United Future Is The Centre Party NZ Needs
United Future Is The Centre Party New Zealand Needs
United Future leader, Hon Peter Dunne, says his party is the centre party New Zealand needs to make MMP work effectively.
He says the apparent meltdown of the Alliance shows the political shakedown introduced by MMP is still continuing, and it is clear that what is emerging is a system with blocs of parties on the left and the right, with no clear moderator in the centre.
“United Future is the only party that can credibly play that role, although in the present Parliament, where the government has a clear majority on most issues, it is difficult to do so with just one MP.”
“In the previous Parliament, however, for most of the time, especially after the break-up of the National/New Zealand First coalition, I did hold the balance of power and exercised it responsibly in the interests of stable government,” Mr Dunne says.
Mr Dunne says that the concept of a true, moderating centre party is hitherto unknown in New Zealand politics, because the old FPP system always produced clear majorities for either the left or the right, although centre parties are an integral part of proportional representation systems in most other countries.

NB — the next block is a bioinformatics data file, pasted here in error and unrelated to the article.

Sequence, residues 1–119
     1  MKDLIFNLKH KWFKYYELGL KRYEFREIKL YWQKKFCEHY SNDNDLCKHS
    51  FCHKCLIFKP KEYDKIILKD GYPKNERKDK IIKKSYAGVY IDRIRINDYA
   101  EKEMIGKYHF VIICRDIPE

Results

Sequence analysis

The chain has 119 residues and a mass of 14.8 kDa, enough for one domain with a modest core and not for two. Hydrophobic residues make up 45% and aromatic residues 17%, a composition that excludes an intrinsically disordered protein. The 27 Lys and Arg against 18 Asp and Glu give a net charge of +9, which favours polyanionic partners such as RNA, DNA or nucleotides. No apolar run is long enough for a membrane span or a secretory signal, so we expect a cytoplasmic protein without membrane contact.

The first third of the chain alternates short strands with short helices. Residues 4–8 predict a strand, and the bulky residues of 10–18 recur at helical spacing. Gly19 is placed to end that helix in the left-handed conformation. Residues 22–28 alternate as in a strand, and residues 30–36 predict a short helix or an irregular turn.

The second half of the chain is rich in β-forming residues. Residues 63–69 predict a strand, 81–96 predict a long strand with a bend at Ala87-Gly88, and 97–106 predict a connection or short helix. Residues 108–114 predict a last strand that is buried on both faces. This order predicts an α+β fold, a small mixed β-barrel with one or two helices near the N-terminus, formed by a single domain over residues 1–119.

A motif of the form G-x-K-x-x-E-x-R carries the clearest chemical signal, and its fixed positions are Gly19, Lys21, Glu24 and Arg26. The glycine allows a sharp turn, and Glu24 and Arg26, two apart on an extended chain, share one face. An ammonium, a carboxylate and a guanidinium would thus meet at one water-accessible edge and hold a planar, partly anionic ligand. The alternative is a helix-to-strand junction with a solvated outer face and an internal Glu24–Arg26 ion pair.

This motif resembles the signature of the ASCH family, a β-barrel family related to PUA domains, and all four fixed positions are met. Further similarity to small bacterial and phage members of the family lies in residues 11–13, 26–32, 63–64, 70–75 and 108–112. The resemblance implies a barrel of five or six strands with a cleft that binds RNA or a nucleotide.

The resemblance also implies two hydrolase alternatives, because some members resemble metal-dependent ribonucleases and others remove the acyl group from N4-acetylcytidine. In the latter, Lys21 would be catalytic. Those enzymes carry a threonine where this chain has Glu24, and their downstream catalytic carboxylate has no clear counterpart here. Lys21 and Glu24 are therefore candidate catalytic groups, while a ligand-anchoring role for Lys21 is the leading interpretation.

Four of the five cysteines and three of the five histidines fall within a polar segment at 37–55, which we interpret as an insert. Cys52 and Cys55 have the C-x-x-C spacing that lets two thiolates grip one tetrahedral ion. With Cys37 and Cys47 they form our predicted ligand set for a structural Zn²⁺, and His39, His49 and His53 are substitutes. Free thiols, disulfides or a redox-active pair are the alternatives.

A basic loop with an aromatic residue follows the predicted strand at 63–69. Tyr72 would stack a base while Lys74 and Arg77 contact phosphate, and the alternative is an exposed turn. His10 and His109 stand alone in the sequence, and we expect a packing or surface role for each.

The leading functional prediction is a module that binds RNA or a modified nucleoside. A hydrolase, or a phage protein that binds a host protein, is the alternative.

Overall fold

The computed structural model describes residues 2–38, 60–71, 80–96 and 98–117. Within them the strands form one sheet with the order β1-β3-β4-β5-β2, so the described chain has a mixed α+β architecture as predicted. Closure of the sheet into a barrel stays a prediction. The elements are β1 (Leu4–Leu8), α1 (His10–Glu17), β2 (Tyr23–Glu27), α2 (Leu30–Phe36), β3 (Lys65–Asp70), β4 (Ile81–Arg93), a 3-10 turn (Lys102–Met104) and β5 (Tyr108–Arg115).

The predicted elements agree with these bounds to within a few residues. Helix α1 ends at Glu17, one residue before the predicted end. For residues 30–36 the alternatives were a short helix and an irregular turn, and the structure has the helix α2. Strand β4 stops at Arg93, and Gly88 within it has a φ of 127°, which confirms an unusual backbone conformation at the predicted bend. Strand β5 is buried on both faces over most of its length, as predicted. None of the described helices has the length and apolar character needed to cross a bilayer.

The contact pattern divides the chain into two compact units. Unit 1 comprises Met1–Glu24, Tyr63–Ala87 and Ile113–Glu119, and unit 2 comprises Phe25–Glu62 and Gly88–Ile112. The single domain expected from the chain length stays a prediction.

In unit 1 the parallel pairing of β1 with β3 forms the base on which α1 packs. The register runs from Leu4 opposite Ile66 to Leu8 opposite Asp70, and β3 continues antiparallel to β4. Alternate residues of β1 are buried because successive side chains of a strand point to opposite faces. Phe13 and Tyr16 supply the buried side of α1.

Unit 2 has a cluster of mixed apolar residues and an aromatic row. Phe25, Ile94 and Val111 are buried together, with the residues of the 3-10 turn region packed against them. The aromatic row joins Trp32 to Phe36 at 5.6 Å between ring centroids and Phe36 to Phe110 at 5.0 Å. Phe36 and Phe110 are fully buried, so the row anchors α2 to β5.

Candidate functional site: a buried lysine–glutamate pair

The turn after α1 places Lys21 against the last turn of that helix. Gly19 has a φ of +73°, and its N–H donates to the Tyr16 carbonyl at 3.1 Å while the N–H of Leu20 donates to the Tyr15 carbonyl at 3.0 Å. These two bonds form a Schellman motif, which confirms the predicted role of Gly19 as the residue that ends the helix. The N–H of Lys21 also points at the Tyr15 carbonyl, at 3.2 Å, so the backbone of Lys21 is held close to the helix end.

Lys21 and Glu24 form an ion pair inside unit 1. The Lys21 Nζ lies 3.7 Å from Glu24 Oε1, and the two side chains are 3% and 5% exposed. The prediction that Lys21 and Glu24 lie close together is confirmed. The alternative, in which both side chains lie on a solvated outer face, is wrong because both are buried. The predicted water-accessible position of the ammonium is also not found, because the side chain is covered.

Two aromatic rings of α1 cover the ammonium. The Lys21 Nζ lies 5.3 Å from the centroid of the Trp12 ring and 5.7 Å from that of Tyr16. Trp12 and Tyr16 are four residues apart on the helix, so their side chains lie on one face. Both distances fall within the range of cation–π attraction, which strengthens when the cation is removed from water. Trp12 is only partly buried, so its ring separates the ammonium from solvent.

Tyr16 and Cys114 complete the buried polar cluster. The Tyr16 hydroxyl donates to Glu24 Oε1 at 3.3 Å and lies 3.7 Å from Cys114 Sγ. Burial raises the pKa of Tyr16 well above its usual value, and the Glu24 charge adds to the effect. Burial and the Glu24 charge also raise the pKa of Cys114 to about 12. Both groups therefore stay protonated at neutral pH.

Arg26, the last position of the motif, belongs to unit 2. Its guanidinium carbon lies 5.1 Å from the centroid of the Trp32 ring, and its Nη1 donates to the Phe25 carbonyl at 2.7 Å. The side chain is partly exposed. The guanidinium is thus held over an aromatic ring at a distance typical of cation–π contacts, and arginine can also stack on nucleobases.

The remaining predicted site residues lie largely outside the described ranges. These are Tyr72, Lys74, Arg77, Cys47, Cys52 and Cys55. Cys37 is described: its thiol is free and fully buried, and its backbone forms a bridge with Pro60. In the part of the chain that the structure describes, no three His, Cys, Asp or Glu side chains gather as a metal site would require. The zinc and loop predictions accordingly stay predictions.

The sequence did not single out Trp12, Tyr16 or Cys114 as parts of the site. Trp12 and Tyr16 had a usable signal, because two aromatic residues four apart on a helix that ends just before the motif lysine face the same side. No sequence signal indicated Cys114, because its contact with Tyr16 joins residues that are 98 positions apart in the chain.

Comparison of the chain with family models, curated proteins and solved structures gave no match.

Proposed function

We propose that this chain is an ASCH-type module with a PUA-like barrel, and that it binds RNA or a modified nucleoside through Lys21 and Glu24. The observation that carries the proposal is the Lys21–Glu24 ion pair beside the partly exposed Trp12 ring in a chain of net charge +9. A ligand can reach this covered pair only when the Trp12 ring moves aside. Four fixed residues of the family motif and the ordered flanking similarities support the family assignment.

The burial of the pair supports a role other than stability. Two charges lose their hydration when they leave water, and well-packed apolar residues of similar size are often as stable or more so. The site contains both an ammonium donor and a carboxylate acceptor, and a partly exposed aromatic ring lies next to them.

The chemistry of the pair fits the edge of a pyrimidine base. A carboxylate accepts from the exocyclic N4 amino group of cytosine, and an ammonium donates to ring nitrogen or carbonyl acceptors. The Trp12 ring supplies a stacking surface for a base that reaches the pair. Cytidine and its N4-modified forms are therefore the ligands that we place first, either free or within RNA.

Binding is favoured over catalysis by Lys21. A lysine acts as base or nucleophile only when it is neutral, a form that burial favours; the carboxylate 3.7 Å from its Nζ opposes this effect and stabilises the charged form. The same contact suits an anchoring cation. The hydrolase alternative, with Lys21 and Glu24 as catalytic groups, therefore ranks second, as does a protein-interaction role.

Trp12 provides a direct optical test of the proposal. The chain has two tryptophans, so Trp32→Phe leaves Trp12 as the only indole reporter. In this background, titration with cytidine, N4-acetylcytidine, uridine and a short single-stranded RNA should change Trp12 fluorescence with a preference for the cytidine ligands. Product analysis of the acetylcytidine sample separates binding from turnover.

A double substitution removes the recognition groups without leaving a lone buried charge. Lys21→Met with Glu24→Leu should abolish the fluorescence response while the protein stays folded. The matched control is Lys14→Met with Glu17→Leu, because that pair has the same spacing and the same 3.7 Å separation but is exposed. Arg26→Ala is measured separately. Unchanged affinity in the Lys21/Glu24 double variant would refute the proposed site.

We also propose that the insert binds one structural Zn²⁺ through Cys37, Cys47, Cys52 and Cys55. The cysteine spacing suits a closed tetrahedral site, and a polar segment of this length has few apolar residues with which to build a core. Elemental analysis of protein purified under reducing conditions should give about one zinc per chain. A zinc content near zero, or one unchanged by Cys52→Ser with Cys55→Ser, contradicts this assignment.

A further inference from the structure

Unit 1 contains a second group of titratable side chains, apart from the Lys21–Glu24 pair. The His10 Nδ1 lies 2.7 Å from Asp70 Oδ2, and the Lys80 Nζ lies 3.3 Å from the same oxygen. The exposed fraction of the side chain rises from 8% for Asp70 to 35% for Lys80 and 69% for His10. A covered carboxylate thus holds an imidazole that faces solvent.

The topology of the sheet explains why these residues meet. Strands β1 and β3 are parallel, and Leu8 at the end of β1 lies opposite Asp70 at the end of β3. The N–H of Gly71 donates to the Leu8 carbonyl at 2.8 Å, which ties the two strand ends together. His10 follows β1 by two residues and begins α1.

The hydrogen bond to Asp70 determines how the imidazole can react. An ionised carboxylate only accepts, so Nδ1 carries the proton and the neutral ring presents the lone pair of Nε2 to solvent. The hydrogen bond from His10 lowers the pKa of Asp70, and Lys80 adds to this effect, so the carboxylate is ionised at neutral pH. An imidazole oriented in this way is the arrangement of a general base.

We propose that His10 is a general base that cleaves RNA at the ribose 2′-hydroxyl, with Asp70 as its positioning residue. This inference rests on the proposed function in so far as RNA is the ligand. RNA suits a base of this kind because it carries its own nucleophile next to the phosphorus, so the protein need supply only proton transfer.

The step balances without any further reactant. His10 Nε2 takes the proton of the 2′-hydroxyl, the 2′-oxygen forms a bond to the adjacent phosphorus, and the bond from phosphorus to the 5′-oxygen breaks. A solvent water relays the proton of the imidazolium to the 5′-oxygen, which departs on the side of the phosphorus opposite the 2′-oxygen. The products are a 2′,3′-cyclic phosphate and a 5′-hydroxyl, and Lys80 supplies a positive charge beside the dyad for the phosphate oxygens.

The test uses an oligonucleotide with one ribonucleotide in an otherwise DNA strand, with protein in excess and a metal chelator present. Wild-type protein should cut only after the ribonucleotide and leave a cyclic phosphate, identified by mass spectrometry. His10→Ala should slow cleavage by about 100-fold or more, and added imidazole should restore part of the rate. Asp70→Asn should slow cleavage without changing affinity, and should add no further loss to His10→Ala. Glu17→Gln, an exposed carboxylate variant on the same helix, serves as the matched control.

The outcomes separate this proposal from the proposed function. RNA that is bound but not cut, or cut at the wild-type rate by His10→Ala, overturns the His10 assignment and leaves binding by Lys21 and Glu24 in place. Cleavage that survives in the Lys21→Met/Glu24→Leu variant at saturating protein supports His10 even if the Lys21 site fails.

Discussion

“Although as an opposition party United Future votes against the present government on matters of supply and confidence, the party takes every other issue on its merits, and has supported the government from time to time on particular key matters, for example, the establishment of the Superannuation Fund, and expects to do likewise in the future.”
“However, the attitude of the big parties to coalition partners also has to change.”
“United in coalition with National, New Zealand First with National and now the Alliance with Labour have all suffered the same fate, even though they are vastly different parties in vastly different governments.”
“Until major parties work out properly the dynamics of effective coalition government that problem will remain and the incentives will be for small parties to stay outside formal coalitions and offer support on an issue by issue basis, lest they be consumed, ” Mr Dunne says. Ends